A Need for a Comprehensive Continuum of
Support from Birth to Adulthood

Children and families do not come in pieces or neat packages that fit one or
another “program” or “strategy.” They are a complex amalgam of biological potential
and environmental realities, of culture and family and community role models, of
assets and risks. Analyzing causes and effects, and understanding the links among
all these factors, requires separating them into subject areas, systems or knowledge
areas. That is how data are gathered and kept, professionals are trained, programs
are funded, budgets are made and services administered. But we must not lose sight
of the whole child.

Like an insurance company’s actuarial chart, it is possible to predict from “risk
factors” the likelihood of a child ending up stuck in the Cradle to Prison Pipeline.
Much research and Cass’s and Curry’s case studies show major risk factors to be:

  •  poverty, especially extreme poverty;
  •  family composition where single parents, teenage parents, alcohol- or substance-abusing parents, a parent in prison, a parent abandoning the home—all predict increased delinquency;
  •  lack of health care, from prenatal care for pregnant women to preventive screening for children and youth of all ages to detect illnesses that block learning,hearing, seeing or concentrating;
  •  babies born at low birthweight, which is a risk factor for later physical, developmental and learning problems;
  •  abuse or neglect during childhood that goes unnoticed or untreated and fueled by poverty;
  •  foster care placements when families break down (especially in families not related to the children) risk abuse, neglect, sexual exploitation, low self-esteem, anger and poor social relationships;
  •  poor school quality where not reading at grade level, failing or acting out are met with police intervention, and suspensions or expulsions leading to dropping out altogether;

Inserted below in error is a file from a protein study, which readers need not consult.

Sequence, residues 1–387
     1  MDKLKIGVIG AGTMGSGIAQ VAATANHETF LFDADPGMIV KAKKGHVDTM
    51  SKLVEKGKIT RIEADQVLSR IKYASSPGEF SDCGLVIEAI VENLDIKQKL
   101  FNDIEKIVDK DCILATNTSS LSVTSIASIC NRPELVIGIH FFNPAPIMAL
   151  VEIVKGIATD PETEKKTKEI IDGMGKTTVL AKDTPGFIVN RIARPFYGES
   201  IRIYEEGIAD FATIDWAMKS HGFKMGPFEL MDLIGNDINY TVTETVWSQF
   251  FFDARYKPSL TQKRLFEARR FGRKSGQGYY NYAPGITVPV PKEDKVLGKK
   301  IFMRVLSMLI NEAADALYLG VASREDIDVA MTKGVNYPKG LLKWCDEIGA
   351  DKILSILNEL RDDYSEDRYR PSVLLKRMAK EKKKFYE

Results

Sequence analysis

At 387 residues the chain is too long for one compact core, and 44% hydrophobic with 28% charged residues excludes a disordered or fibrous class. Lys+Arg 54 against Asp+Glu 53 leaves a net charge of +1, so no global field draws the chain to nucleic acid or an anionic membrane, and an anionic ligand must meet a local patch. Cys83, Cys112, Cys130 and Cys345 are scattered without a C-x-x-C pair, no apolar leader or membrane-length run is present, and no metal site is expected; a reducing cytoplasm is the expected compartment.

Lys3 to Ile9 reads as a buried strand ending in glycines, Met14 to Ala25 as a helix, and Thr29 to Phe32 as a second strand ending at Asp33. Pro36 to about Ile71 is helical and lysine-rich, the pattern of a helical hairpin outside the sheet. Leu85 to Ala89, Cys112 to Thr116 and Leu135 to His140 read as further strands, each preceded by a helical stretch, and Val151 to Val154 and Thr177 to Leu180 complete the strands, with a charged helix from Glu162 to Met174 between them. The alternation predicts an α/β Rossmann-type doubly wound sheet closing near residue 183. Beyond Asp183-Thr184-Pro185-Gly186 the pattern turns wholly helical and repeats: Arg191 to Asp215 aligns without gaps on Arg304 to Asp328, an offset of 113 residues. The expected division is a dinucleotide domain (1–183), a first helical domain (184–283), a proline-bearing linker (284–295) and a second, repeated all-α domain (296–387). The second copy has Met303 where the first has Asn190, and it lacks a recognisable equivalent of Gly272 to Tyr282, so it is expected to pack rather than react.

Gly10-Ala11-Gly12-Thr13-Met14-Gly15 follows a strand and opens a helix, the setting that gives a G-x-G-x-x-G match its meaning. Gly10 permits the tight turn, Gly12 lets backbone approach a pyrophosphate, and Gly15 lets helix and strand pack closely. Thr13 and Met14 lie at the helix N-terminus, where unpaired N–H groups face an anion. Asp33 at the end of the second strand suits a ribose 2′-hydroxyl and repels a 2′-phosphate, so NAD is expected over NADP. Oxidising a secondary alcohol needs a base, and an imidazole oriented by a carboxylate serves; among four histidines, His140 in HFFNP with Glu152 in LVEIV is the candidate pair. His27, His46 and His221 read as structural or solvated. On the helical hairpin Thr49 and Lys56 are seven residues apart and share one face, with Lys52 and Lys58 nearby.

•  few timely and quality mental health program interventions in communities to provide care in a timely manner to prevent or interrupt negative behavior or remediate problems causing children to get into trouble;
  •  the juvenile justice system which cements many children’s sense of hopelessness and offers too few positive programs, too late, to change the Pipeline’s trajectory;
  • and  throughout all these major risk factors is the disparate treatment of children of color.

Research also shows that if a child has one or a few of these risk factors, while
potentially harmful, there’s a good chance that the child’s resiliency and some intervention
by a teacher, a counselor, a mentor, a relative, a pastor or some other adult
offering encouragement, assistance and guidance can save that child from falling into or
staying in the Pipeline. CDF’s Beat the Odds celebrations of and scholarships for
children overcoming unbelievable obstacles attest to the power of one caring adult in
a child’s life. But a young child exposed to six or more of these risk factors is ten times
as likely to commit a violent act by age 18 as one who experiences only one or a few
risk factors. In a hospital nursery, behind the glass of newborns in 2001, that one in
three Black boy babies and one in six Latino boy babies will end up in the Pipeline
and in prison is a national tragedy. Unless it is addressed head on, it will disempower the
Black and Latino communities and undermine family stability and child socialization.
The challenge for each of us and for the nation is to prevent it—for preventable it is.

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